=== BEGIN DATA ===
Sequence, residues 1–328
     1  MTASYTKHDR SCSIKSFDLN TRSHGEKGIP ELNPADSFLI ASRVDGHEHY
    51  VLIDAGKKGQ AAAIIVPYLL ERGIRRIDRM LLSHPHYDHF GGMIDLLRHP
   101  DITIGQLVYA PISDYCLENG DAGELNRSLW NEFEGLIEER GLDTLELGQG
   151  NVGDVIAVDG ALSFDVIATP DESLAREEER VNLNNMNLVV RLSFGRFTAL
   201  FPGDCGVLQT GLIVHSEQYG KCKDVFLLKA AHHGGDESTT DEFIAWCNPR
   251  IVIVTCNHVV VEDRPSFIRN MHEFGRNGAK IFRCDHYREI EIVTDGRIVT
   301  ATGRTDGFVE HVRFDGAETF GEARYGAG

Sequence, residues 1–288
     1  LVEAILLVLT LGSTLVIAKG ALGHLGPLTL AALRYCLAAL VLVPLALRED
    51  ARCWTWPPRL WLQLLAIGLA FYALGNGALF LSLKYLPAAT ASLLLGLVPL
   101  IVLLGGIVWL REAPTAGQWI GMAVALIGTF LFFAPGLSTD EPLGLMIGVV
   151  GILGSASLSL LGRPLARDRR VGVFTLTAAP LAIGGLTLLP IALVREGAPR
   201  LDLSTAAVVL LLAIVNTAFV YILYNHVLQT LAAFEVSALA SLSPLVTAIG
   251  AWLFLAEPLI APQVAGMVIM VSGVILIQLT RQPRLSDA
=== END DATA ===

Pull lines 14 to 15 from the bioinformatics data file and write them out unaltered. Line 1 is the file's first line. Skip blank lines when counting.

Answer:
   201  LDLSTAAVVL LLAIVNTAFV YILYNHVLQT LAAFEVSALA SLSPLVTAIG
   251  AWLFLAEPLI APQVAGMVIM VSGVILIQLT RQPRLSDA